Drake's Aubrey & The Three Migos tour – co-headlined by American hip-hop trio Migos – featured a "giant helium drone" that seemingly lifted a yellow Ferrari into the air. Perron told Dezeen it was the first time this had been attempted in an indoor setting.
A digital screen was installed on the floor of the stage that projected videos throughout the set, from a 3D scorpion in a box – a reference to Drake's latest album Scorpion released in June this year – to a projection of a plane of ice, which used motion sensors to "crack" when stepped on.
As well as the usual lighting fixtures and pyrotechnics, Perron enlisted 200 drones as additional lighting features above the stage, which created choreographed formations, including a giant rotating cross.
Perron – who has previously worked with Nike and Rihanna, and also designed Kanye West's Yeezy studio in California – oversaw all creative direction on Drake's Aubrey & The Three Migos tour. It took place between 12 August and 18 November.
His role included developing the initial concept for the show and the set design, as well as "all the other stuff that goes along with it".
Taking inspiration from the layout of a basketball court, the audience was positioned on all four sides of the stage, rather than a traditional end-stage layout, where the audience is located at the front only.
"It is a better fan experience. It's a much more immersive experience for the audience, which makes for a better show," Perron told Dezeen.
"It's basically all a giant front row"
The aim was to ensure that the show was as effective for audience members at the back of the venue as those in the front row.
"The show is super democratic. If you sit in the seats, you'll have a great visual thing, and if you're on the floor, you'll have a great connection," he said.
"It's basically all a giant front row. In a traditional show, you have maybe 100 people in the front row, whereas this is a couple of thousand," he explained.
Each track in the show was accompanied with videos made by Perron, ranging from straightforward clips of bubbling molten lava to more intricate projections of a 3D hand coming out of the ground. These were displayed on a digital screen that spanned the entirety of the stage floor.
Perron made 3D illusion visible from four angles
The video for the track Nonstop featured a digital 3D rendering of a scorpion in a box. A key challenge for Perron was to make a 3D illusion that could be viewed from all four vantage points.
"Typically, when you do 3D effects, you can only view them from one vantage point, which is directly in front. The challenge was to see how we could achieve the 3D effect for all four vantage points," said Perron.
Perron achieved this by making the image rotate across different vantage points to give the illusion of three-dimensionality.
"The 3D effect rotates across the different angles and cycles through them. It can look a little bit flatter but during the sequence of the show, the audience doesn't really notice it – it's all perception," explained Perron.
Motion reactors were also used to create reactive content on the stage floor. One track saw Drake walk across a video of ice that appeared to crack as he stepped on it, while in another, squares lit up underneath the rapper, intended as a tribute to Michael Jackson's music video for track Billie Jean.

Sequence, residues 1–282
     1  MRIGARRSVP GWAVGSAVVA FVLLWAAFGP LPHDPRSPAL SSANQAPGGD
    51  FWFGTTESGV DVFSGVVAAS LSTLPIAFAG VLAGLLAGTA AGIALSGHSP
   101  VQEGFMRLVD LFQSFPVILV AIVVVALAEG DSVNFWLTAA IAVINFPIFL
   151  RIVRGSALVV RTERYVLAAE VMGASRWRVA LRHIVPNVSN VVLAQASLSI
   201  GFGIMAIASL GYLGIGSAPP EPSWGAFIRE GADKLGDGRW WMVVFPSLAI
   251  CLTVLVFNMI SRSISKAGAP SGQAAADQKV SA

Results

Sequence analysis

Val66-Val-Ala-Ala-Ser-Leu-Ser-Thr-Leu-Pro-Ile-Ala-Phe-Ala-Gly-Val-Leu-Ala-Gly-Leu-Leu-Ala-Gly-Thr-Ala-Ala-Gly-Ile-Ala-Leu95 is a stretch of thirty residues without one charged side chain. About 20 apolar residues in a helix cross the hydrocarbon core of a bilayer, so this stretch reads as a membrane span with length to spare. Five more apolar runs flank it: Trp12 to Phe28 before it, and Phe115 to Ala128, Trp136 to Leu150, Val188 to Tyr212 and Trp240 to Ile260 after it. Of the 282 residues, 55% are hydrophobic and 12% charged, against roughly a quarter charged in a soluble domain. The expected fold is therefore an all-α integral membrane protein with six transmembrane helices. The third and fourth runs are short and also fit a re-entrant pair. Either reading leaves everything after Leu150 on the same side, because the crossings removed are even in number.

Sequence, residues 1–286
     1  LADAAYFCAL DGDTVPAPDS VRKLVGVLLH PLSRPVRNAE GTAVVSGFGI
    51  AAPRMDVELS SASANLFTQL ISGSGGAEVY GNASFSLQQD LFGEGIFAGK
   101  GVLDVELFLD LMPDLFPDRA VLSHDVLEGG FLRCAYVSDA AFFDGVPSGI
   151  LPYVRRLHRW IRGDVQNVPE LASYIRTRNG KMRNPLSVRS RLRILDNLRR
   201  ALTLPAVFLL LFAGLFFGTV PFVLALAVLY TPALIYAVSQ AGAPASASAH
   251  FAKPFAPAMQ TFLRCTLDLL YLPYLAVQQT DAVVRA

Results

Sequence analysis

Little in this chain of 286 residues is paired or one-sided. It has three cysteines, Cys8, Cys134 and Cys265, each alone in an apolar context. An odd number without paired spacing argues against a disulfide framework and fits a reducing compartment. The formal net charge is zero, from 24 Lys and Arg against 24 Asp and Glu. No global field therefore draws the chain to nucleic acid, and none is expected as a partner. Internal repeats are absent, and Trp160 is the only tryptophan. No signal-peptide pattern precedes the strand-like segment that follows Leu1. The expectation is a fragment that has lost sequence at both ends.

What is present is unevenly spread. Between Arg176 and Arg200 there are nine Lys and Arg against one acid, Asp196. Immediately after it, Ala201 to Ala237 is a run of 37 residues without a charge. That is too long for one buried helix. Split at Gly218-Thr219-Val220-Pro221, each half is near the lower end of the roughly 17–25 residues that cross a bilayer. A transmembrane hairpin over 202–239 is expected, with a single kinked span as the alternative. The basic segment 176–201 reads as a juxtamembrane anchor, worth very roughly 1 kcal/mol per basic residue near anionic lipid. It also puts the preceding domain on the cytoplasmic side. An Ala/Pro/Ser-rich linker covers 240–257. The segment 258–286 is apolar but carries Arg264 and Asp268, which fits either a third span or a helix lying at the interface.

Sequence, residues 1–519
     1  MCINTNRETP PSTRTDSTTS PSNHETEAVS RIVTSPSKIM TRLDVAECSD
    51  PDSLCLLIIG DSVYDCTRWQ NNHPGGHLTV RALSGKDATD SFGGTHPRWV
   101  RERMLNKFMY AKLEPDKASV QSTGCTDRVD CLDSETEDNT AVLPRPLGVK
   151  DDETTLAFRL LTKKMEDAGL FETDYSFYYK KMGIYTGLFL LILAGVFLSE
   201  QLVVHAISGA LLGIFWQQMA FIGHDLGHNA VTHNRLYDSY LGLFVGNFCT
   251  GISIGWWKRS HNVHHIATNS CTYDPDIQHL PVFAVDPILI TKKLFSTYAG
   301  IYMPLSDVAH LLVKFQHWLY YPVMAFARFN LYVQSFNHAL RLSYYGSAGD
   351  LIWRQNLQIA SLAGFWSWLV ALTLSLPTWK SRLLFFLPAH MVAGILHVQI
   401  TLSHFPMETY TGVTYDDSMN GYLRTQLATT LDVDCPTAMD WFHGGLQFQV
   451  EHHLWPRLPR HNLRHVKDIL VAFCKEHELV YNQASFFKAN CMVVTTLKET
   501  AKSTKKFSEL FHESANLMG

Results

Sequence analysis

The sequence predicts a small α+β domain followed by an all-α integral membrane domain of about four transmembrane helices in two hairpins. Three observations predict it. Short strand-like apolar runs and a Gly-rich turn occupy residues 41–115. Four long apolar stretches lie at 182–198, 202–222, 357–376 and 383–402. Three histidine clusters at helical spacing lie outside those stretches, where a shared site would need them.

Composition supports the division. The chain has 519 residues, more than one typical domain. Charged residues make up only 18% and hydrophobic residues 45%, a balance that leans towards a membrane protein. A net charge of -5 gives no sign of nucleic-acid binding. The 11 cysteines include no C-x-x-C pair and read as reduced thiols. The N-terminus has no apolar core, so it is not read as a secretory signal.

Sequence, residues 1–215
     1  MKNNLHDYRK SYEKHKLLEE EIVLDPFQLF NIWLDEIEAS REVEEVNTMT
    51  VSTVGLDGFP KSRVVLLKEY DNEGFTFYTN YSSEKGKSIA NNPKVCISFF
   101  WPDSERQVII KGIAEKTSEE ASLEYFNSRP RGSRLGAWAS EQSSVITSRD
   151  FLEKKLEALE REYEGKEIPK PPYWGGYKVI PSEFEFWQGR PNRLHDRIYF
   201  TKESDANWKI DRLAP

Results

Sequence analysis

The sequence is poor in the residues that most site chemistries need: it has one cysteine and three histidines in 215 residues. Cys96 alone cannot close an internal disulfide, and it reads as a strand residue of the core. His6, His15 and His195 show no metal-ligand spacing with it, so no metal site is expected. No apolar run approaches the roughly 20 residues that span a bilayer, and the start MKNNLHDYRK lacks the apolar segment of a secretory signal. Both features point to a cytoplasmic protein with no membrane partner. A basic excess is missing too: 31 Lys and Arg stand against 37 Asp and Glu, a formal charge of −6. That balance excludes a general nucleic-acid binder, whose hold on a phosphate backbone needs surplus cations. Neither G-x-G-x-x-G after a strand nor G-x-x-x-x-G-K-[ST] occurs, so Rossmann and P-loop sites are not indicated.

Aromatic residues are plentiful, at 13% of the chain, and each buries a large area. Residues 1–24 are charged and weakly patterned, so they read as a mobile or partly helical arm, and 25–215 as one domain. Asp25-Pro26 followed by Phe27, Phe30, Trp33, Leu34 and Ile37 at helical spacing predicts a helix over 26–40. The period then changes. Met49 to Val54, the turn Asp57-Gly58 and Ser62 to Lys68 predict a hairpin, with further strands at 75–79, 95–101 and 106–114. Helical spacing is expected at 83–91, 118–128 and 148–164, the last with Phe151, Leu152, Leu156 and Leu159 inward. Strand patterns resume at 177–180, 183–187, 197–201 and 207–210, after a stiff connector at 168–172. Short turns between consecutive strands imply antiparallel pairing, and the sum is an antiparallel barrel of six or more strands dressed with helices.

Drake wore a small, "mobile phone-sized" motion detector that tracked his movements and fed them back to motion sensors installed on stage.
Perron's team created a foam replica of a Ferrari
A memorable moment of the show, which ran the entirety of 15 songs labelled the Sting Section, saw the yellow Ferrari fly across the stage.
A real car could not be used for safety reasons. Instead Perron and his team created a foam replica, which they filled with a giant helium balloon and supported by a fleet of tiny drones that were controlled by special engineers off-stage.
"I found a drone company that makes things for corporate events and thought, 'This would be great to use in Drake's show'. I showed it to him and he was like, 'Well I just bought this yellow Ferrari, can we make it fly?'" said Perron.
"The entire shell and underbelly of the car are empty and it's basically a huge helium balloon and it has tiny propellors supporting it but you can't see them because they're spinning so fast that the human eye can't register. It's basically a giant helium drone," he explained.
"Piece of technology that's never been used before"
"It was a piece of technology that's never been used before, and it doesn't require any wires, and you can fly it over people's heads. It is actually pretty elementary," he continued.
The 200 drones offered additional lighting. For the track Look Alive, these same drones were choreographed to form a giant, rotating cross in the sky.
"We've seen drones used in the Olympics where they deployed a few hundred drones to form the five interconnected rings but we're still in the early days, it's very much a gag at this point," Perron told Dezeen.
"When the battery packs get smaller and the intensity of the lights get higher, we can use them more in shows. The first iterations are still a bit clunky and archaic-looking," he said.
"At this present time, it's still super limiting what you can do with it. You can't fly it right over people's heads. They are light but there's the danger of crashing into the audience and hurting people."